Definition and Aspects of Corporal Injury to Spouse/Cohabitant:
Under California Penal Code 273.5 (PC 273.5), domestic violence against a spouse or a cohabitant is a potential felony-level charge that can be punished with fines, prison time, and additional parole requirements. A crime of domestic violence is also often referred to as domestic battery, domestic abuse, spousal abuse, or spousal battery.
A cohabitant, under law, is described as someone the Defendant has been living with for a substantial period of time. Permanency to a relationship has to be established, and this relationship could include joint ownership of the property, shared income and/or expenses, and a possible sexual relationship between the Victim and the Defendant. California law does not make a distinction between heterosexual or same-sex relations.
To establish Corporal Injury to a Spouse or Cohabitant in court, the Prosecutor must prove:
- The Defendant willfully inflicted corporal injury on a victim
- The injury was inflicted on someone with who the Defendant had a domestic relationship with
- The corporal injury resulted in a traumatic condition
Corporal injury is defined as some type of minor or serious physical injury or harm on a victim’s body. It is often present in the form of kicking, hitting, punching, slapping, pushing, or in some cases, biting.
Willful infliction refers to deliberate and intentional actions, as opposed to accidents. It does not necessarily mean the Defendant desired the specific outcome; Prosecutors only have to prove that the action was deliberate.
Lastly, California Penal Code 273.5 (PC 273.5) refers to a traumatic condition as a condition of the body. It could be something as simple as a minor scratch, redness, or swelling; or as serious as internal bleeding, broken bones, or permanent disfigurement of the Victim’s body.
Example of Corporal Injury to Spouse/Cohabitant:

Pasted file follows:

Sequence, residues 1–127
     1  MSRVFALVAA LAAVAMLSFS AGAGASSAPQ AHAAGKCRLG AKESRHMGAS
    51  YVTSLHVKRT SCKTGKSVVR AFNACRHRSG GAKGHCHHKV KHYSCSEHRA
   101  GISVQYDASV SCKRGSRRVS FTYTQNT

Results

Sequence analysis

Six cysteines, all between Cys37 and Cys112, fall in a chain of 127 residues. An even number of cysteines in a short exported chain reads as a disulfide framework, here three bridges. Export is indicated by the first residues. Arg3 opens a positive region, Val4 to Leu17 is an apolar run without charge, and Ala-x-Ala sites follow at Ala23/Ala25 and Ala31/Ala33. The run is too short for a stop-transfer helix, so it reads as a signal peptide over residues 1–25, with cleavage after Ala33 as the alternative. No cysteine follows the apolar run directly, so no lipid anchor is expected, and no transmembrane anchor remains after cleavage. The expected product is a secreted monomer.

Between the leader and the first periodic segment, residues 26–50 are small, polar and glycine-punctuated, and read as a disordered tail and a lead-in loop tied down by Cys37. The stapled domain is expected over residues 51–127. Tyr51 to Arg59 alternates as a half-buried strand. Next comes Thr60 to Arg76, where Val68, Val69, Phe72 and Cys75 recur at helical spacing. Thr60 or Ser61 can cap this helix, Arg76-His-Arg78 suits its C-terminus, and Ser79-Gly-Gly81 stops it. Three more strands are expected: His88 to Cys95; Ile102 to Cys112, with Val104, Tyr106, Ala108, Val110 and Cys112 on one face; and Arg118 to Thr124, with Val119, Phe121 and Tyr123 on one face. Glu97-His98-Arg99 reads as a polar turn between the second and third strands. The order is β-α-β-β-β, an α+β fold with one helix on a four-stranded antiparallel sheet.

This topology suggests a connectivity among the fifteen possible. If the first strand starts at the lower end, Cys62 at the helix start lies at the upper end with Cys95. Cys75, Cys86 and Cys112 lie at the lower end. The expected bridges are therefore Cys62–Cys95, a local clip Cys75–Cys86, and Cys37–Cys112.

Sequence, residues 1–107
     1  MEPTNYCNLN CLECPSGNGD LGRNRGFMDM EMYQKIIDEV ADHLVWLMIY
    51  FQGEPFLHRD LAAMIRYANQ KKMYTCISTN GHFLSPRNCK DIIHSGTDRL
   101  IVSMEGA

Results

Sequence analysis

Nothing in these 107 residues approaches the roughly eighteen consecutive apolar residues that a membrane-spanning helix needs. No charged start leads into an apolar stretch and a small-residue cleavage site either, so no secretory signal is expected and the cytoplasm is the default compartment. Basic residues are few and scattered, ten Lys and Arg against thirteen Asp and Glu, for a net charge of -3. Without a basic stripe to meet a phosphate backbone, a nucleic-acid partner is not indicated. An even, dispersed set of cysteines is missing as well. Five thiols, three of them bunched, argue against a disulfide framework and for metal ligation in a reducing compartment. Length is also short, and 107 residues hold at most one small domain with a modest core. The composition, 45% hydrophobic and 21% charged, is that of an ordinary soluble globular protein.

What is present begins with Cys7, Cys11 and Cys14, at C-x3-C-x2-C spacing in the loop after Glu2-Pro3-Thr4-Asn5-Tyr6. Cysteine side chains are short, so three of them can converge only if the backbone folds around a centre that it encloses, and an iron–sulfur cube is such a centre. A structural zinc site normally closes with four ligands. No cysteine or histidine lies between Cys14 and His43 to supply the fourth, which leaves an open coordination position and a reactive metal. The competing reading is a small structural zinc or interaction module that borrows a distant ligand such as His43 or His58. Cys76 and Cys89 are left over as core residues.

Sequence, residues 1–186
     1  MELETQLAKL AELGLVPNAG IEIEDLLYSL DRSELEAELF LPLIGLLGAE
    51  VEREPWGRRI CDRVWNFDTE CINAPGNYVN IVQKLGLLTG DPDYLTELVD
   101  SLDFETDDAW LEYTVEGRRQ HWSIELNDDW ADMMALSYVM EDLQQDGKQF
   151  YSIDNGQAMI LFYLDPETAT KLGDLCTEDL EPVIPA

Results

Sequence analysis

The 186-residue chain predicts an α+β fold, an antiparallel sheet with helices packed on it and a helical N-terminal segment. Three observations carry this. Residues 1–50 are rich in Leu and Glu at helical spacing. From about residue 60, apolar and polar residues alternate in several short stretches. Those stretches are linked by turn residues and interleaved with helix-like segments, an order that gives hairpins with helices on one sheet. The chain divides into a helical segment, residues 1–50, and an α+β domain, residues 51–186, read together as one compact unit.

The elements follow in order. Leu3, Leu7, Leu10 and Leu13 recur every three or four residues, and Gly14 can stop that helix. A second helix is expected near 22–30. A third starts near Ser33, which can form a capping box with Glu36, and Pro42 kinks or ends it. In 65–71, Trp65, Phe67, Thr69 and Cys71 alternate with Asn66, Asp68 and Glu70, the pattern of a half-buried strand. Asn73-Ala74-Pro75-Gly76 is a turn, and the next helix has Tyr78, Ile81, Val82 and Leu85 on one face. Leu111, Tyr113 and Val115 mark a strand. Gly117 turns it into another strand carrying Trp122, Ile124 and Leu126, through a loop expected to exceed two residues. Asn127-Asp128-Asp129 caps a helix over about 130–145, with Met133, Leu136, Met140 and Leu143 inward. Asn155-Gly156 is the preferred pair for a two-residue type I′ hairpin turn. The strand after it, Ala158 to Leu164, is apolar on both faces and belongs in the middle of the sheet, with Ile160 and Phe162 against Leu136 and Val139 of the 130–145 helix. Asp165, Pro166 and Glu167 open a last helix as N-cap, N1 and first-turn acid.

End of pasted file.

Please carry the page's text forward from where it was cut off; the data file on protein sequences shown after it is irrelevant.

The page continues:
A man gets into an intense argument with his wife over their recent spurge of expenses. In the heat of the moment, he grabs the wife’s arm to shake her, leaving bruises along her skin. Under California Penal Code 273.5 (PC 273.5), this action constitutes a corporal injury to a spouse.
In an another example of PC 273.5, a man notices that his live-in boyfriend’s phone is left out on the counter. He sees the messages on the phone, revealing that his boyfriend has been having an affair with someone else. In a rage, he confronts his boyfriend by pushing him repeatedly against the wall, resulting in a concussion from the boyfriend. This dispute can result in a charge against the man, under (PC 273.5).
Criminal Offenses Related to Corporal Injury to Spouse/Cohabitant:
Other charges related to California Penal Code 273.5 (PC 273.5):
- Battery – California Penal Code 242 (PC 242)
- Domestic Battery – California Penal Code 243(e)(1) (PC 243e1)
- Aggravated Battery – California Penal Code 243d (PC 243d)
- Assault – California Penal Code 240 (PC 240)
- Elder Abuse – California Penal Code 368 (PC 368)
- False Imprisonment – California Penal Code 236 and 237(a) (PC 236 and 237a)
Defenses to Corporal Injury to Spouse/Cohabitant:
One of the common defenses to corporal injury (PC 273.5) is questioning the willfulness of the Defendant’s actions. If he/she accidentally injures his/her partner, the case for corporal injury should be dismissed.